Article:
The ground floor entrance hall has underfloor heating below an oak floor. The walls are plastered on the hard and painted, with one wall still showing the uncovered red sandstone with the large foundation stones showing in the room. Window ingoes were left uncovered and again the red sandstone has been carefully cleaned and pointed to maximise its effect. A wood burning stove makes this another cosy, quiet retreat with a mural painted ceiling and exposed oak beams.
All doors, facings, extension ceilings, beds, window seats and skirtings were made from storm fallen oak, elm or ewe. We gathered the timber and milled it on site, it was stored and then sent to a kiln for drying before it could be used. Marti Bespoke also built the ceiling panels within the new East extension from our milled oak. This had to be specially treated to conform to fire regulations which made life interesting for a while. The new front door was made from fallen oak from the grounds by Marti and he spent many an hour perfecting the design and crafting all the doors both internal and external from timber originally growing no more than 500 yards from the castle.
Mark constructed the door opening in new sandstone, he built the retaining walls and steps leading down to the new front door using sandstone from around the grounds and Caithness slab gathered from the immediate area.
Mark Campbell was the lead stonemason throughout the restoration. He and his team raked out all the mortar joints over the entire external and internal areas of the castle walls and then repointed with lime mortar. Mark replaced worn out masonry around the walls and installed window cills, lintels and in-goes along with many door reveals and both piends including the new doo cot.
However, Mark’s piece de resistance was the carving of stone into many interesting and unique features. We first realised Mark’s talent when he carved a replacement lion rampant for the Walkers’ front door steps after it had been hit by falling masonry during a storm, the lion is a work of art! He created all the gargoyles along the barmkin wall, Woffle and Ripper immortalised in stone along with an owl, Roe stag, horse and goat.
These were carved into the insitu corbel of the wall holding up the parapet. One false move and there could have been a collapse! He also carved the Recombooberation stone which caused him many sleepless nights in case his chisel slipped and he would have to start again. He also carved all the lettering above the main door and the Walkers’ initial stone. Almost his hardest carving was the coat of arms, not easy carving a Bee on top of a thistle all made harder when we chose a piece of red sandstone that had been lying around the site, it was full of small pebbles as it must have been quarried from the shoreline. This made carving really difficult for Mark but all worth it in the end.
While on the interiors Robert Turner, David Middlesworth, Davy and Adam all worked on the fit out. They built the structural roof and floors. David had a difficult time constructing the little curved link corridor between the main spiral stair and the garret bedroom. No drawing was good enough to represent the 3D design required which he carried out mostly in his head! Robert framed walls, shower and WC partitions, built window seats, beds, window and door facings in oak and elm. He fitted the ground floor timber floor and the kitchen and made mirrors, shelves and toilet roll holders, covers to hide pipes and mounted the mural ceiling, clad the viewpoint turret and made the fantastic fitted seat, lay new treads to the spiral stair and the ladder and banister to the viewpoint, amongst many other things ably assisted by David, Davy and Adam.
Along the barmkin wall you will see a small turret. This was originally used as a toilet but we had other ideas. We sourced an infra-red sauna from a local company – Inca, and the hemlock and aspen timber was procured and Robert formed the domed ceiling, David built the framework and fitted the wall cladding and seat. Adam then painstakingly installed the glass mosaic to the domed ceiling piece by piece! It was then lit and energised by Maxwell electrical, William and Mark also fitted a remote control that allows the sauna to be turned on within the castle so that you can obey the stained-glass instruction on the barmkin wall door and “Bare All” before running the wall into the warmth of the turret.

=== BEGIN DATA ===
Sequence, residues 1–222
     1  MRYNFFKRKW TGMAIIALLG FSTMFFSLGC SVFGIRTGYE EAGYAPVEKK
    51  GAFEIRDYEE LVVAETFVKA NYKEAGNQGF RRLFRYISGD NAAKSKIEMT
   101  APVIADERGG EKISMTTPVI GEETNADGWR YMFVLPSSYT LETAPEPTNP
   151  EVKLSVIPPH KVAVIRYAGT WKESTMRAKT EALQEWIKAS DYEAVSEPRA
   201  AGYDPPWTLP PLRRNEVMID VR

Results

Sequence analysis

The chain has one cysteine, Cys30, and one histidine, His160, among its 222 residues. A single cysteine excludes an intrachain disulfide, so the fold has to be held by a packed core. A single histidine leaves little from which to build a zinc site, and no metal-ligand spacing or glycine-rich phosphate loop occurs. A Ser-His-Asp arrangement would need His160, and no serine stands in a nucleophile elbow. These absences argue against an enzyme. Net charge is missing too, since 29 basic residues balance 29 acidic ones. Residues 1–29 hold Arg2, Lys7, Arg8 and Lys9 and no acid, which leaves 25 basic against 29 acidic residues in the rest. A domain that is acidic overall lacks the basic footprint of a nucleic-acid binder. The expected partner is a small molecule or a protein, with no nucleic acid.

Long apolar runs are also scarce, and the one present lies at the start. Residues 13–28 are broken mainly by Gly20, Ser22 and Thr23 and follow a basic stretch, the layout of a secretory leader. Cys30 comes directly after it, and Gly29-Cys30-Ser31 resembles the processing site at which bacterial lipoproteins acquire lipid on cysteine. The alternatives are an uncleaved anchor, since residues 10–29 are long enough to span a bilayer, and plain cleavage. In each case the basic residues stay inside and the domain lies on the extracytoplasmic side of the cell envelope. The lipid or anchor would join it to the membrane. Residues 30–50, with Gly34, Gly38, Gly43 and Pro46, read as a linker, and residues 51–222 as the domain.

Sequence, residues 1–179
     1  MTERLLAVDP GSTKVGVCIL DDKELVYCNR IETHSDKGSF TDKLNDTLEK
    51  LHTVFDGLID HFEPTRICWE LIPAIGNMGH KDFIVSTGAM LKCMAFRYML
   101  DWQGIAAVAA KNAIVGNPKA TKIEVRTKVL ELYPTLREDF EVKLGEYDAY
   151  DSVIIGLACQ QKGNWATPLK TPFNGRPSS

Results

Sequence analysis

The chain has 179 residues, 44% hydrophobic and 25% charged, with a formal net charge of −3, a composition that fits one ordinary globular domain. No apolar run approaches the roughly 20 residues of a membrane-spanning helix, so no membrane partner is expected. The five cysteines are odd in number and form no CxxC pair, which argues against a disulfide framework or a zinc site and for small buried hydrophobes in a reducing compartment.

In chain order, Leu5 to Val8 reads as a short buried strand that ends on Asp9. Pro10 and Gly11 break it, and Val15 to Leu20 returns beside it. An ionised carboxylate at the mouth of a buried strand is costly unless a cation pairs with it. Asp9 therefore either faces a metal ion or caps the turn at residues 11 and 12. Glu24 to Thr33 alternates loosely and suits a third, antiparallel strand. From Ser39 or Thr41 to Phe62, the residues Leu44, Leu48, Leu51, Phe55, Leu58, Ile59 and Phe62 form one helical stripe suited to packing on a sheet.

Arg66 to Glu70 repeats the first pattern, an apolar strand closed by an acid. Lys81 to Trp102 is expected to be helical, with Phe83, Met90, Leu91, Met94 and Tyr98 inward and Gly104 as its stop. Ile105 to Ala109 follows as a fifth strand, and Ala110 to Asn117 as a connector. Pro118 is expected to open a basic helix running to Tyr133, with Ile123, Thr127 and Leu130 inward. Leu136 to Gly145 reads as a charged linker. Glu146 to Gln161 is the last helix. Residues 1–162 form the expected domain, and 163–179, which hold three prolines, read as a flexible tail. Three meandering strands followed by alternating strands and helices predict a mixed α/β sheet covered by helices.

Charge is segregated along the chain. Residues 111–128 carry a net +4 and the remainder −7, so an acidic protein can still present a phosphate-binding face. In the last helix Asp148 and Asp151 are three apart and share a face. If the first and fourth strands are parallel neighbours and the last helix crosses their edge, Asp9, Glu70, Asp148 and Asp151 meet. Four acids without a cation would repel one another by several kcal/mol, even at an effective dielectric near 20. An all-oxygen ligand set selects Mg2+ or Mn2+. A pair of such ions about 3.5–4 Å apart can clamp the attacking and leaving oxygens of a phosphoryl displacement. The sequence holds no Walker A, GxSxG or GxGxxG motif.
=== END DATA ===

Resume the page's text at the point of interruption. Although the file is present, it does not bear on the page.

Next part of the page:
Adam became an integral member of the team, all the way from Poland, with many talents he plastered all the internal walls & ceilings. Including the plastered “on the hard” effects to make walls look like stone plastered and painted. He was the master of stone mastic and putty applications and the maker of paths around the castle and grounds.
Davy Pryde part of Robert and David’s team, took on the task of painting walls and ceilings, staining and oiling oak and elm facings and stairs and probably knows every inch of the castle, well done Davey! Maxwell Electrical fitted the extensive lighting and controls system throughout the castle to a design drawn up between Bruce, myself and Ruth Lindsay from Cotterells of Glasgow. The lighting produced creates atmosphere and is a must see at night when the castle is subtly lit externally.
Many others have been involved in the restoration –
William Fleming & Les Dean – Fleming Masonry Contractors
Andy Small – Plumbing
Stewart Curtis – CHES, Under floor heating, radiators and plumbing
David Osborne – Celsius Plumbing and Heating, fitting Thomas Crapper toilets and showers.
Hugh Wallace – Glendevon Energy biomass boiler room and plant room
Colin Stephenson – Stephenson stained glass
Peter Dykes – Baytree Interiors, carpets laid by Stephen Haveron
Peter Silk – Curtains and blinds
A&E Landscaping – Alan Cook, turfing laid to lawns, septic tank and soakaway and general landscaping.
A Dick & sons – Driveway surfacing
Carpenter Oak & Woodland – Green Oak Structural Frame
Grey & Dick – Glazed catilevered box
Forsyth Glazing – shower screens, shower doors and balcony glazing.
The Forge – Paul Salvadorie, blacksmith – weather vane and steel for ladder to view point.
A few good men…….
Awards and Recognition….
A warm thanks to Andrew Rankin for writing with us today and for giving us such a detailed insight into the ‘recombooberation’ of this castle. If you are interested to book the castle make sure you check it out on our website. If you have any questions you know you can always call us on 01738 451 610.
We hope you enjoyed this post, let us know what you think in the comments section below!